* Harold Reynolds used his MLB.com blog
for a lengthy, stream of consciousness-style rant about … well, it’s
a little unclear. The basic premise seems to be that stats are bad, but
I’m more intrigued by Reynolds a) thinking that OPS is a hardcore stat,
b) using the phrase “clogging the bases” without even a hint of irony,
c) touting Dave Kingman as an example of hitters with artificially high
on-base percentages when in fact he had a terrible .302 career OBP, and
d) apparently boycotting the use of paragraph breaks as a symbol of his
stat-fueled rage. Oh, and I’m even more amused by the always awesome
Joe Posnanski’s attempt to “translate Reynolds’ post in 15 steps.”
(Note: The preceding paragraph was brought to you without interruption in honor of Reynolds.)
* Both teams went homerless last night for the first time in the 35-game history of new Yankee Stadium.
* The owner’s suite at the Rangers’ ballpark is being renamed after George W. Bush, who was the team’s managing general partner from 1989-1994 before becoming governor of Texas.
* Here’s the shirt that all the guys at the SABR convention would wear if we weren’t too fat to fit in them.
LAS VEGAS — Farhan Zaidi left his job as the general manager of the Los Angeles Dodgers to become the president of baseball operations for the San Francisco Giants. While Dodgers president Andrew Friedman remains at the top of the baseball operations department, Zaidi’s departure has left the Dodgers without a general manager. It happens. It also happens that the Dodgers do not plan to replace Zaidi with a new general manager any time soon. They just said so last week.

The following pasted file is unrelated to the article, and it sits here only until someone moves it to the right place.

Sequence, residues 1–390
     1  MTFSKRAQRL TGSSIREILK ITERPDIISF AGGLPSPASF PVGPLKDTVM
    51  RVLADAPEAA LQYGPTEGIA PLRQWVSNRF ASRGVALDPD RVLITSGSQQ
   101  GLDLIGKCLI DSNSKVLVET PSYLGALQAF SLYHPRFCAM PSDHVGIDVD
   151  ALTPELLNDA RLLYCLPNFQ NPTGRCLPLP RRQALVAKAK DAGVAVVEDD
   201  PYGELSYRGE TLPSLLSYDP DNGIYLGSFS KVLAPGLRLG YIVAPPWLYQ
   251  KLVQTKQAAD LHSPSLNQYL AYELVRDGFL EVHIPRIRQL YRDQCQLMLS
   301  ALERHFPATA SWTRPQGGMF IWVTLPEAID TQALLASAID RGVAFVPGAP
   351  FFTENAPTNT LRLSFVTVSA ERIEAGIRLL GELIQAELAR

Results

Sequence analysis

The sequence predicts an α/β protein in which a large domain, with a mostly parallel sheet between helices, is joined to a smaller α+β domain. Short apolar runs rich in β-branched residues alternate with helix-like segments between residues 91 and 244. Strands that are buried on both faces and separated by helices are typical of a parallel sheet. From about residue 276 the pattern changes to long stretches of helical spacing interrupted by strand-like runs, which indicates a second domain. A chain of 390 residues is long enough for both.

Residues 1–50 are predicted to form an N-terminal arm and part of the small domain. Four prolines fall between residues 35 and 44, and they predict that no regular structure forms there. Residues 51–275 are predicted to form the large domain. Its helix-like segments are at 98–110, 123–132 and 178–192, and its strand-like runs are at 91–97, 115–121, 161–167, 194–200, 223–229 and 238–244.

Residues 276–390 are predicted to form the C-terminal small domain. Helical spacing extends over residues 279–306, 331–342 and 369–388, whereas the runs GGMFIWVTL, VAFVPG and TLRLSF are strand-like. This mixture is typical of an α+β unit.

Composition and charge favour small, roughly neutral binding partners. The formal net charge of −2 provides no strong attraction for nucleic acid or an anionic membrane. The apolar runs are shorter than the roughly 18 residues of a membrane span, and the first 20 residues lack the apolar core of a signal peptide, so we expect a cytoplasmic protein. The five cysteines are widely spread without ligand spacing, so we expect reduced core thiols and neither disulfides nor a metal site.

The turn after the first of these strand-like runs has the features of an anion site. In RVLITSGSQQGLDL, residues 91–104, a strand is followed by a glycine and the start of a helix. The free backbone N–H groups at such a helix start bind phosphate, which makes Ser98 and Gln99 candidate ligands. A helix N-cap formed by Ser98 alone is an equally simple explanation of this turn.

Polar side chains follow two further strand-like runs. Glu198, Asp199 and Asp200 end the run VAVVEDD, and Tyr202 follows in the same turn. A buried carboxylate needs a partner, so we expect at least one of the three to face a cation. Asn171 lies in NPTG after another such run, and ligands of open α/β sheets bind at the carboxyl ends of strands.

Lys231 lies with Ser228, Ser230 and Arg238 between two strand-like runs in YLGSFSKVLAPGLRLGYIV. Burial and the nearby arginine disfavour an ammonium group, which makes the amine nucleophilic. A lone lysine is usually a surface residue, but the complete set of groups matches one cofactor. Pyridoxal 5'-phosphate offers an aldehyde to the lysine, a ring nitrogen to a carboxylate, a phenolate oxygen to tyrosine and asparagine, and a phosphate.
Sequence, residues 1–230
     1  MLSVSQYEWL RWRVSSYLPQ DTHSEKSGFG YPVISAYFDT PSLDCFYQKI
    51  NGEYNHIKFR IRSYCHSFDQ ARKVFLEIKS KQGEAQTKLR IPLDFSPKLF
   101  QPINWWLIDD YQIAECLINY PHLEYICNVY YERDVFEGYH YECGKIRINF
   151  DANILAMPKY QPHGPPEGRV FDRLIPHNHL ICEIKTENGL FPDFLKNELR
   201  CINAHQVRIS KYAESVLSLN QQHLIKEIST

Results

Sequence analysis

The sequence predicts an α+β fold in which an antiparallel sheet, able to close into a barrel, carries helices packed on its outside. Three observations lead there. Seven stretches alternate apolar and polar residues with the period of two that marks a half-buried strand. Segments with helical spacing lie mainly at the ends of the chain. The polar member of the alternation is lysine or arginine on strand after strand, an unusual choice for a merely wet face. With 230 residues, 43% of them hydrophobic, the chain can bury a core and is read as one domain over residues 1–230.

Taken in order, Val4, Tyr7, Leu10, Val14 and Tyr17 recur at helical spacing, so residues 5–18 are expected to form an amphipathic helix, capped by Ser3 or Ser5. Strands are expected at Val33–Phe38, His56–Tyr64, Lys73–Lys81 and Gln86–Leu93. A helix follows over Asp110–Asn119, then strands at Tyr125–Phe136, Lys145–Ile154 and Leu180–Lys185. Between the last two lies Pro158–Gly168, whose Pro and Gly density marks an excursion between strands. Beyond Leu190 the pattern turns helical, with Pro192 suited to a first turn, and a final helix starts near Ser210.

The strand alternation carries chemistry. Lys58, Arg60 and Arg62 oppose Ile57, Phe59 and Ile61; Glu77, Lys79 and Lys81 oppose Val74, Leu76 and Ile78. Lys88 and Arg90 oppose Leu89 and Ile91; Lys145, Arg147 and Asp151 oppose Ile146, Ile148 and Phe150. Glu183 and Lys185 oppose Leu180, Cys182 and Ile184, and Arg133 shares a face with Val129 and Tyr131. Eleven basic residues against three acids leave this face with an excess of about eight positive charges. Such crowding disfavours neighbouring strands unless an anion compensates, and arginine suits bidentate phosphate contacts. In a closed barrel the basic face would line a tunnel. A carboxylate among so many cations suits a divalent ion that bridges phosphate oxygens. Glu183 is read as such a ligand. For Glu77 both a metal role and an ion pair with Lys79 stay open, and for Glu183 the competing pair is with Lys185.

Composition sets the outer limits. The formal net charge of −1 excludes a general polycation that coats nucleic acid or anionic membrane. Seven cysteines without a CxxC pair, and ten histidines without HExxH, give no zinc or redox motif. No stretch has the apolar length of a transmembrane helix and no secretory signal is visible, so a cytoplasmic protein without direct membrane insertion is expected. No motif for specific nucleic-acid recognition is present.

They do, however, have an assistant general manager now. It’s Jeff Kingston, late of the Seattle Mariners, where he served as Jerry Dipoto’s assistant. Now he is an assistant with no one, nominally, to assist. Seems like some sort of dividing by zero error, philosophically speaking, but we’ll just assume it’ll sort itself out.
Two less cosmic takeaways from this: 1. Kingston is an analytics guy who has typically advised the wheeler-dealer — Dipoto — so it’s fairly safe to assume he’ll do that in Los Angeles too; and 2. that a team is happy to proceed without a general manager should tell you where general managers, well, in general, stand in this age of title inflation in baseball front offices.
I imagine that, after some time in the organization, Kingston will be named the actual general manager with no real change in his duties, further underscoring that, in this day and age, the title of GM is like the value of a Zimbabwean dollar.